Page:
Effects of management and disturbance on waterbird use at Wetland Reserve Program sites in Arkansas and Missouri.
Conservation and Management of Birds
Wednesday, Oct 17, 2012, 8:30 AM -12:20 PM
Wednesday, Oct 17, 2012, 11:00 AM -11:20 AM
, Elisabeth Webb
Missouri Cooperative Fisheries and Wildlife Research Unit, University of Missouri, Columbia, MO,
U.S. Geological Survey, Missouri Cooperative Fisheries and Wildlife Research Unit, University of Missouri, Columbia, MO, Contact: email@example.com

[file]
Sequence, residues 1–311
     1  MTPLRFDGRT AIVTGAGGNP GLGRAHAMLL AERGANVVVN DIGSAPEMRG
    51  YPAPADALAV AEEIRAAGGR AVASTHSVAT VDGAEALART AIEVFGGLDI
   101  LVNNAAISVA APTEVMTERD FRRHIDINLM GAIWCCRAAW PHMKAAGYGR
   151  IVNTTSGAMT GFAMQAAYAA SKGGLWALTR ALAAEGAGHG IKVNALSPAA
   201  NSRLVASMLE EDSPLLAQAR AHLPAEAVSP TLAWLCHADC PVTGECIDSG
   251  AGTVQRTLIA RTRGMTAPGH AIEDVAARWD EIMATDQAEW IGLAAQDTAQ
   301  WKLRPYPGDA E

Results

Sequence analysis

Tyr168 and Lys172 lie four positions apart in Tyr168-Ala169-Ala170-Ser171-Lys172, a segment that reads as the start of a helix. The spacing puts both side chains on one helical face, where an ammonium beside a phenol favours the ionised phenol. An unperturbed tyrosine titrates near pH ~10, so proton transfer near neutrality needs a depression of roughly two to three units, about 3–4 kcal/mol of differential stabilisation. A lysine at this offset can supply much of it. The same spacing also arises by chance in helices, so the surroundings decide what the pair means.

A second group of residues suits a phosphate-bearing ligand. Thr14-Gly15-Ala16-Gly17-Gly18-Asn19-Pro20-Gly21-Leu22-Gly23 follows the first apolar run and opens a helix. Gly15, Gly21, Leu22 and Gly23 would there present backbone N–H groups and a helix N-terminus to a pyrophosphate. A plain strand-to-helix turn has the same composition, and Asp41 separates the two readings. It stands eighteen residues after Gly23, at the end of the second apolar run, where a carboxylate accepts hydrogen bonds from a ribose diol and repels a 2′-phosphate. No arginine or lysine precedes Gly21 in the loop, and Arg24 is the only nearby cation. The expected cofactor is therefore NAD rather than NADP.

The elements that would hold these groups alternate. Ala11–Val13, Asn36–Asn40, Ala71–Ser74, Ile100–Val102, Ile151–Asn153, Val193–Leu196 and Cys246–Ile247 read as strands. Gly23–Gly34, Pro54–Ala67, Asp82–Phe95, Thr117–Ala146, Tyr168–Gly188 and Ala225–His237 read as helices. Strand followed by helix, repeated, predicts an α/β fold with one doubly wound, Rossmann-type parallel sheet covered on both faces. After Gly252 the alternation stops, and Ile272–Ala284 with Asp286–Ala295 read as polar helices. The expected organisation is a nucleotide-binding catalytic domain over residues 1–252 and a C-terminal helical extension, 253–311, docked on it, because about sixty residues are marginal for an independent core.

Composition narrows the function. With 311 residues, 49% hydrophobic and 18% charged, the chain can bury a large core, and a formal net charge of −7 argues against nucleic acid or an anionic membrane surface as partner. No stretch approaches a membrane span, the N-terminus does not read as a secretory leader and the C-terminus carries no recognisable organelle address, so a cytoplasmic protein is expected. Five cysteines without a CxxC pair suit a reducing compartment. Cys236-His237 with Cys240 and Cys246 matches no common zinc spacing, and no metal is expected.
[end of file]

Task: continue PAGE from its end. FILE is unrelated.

The Natural Resource Conservation Service implemented the Migratory Bird Habitat Initiative (MBHI) in summer 2010 to mitigate potential loss of wetland habitat caused by the Deepwater Horizon oil spill. The goal of MBHI was to improve wetland habitats on private farmlands, catfish ponds, and Wetland Reserve Program (WRP) easements in the Lower Mississippi Alluvial Valley to provide additional habitats for wintering and migrating waterbirds. Priorities for WRP lands included addressing waterbird food habitats, providing habitat structure, and additional management activities such as planting and/or disking on moist-soil wetlands. We conducted bi-monthly waterbird surveys on 32 randomly selected WRP wetlands in Arkansas and Missouri from August 2011-February 2012 to quantify habitat use by fall migrating shorebirds (Charadriiformes) and wintering dabbling ducks (Anatinae). Waterbird species composition was similar to previous studies completed on WRP sites. Mean dabbling duck density (ducks/ha) was greatest at sites that had been planted (22.7±1.1), whereas mean species richness (species/ha) was greatest was greatest at sites that had been planted and experienced hunter disturbance (0.4±0.1). Sites that had been established <10 years ago had both the greatest mean shorebird density and species richness (3.5±0.9 and 0.9±0.7). Our preliminary results demonstrate the response of shorebirds and waterfowl to increased food resources on MBHI funded wetland restoration and enhancement projects. We are currently processing seed and invertebrate samples to derive food biomass and density estimates, which we will then relate directly to waterbird abundance on each site. Continuation of surveys and sampling through fall 2012 on WRP sites in the Lower Mississippi Alluvial Valley will allow us to further evaluate the effectiveness of MBHI funded wetland management for migrating and wintering waterbirds.
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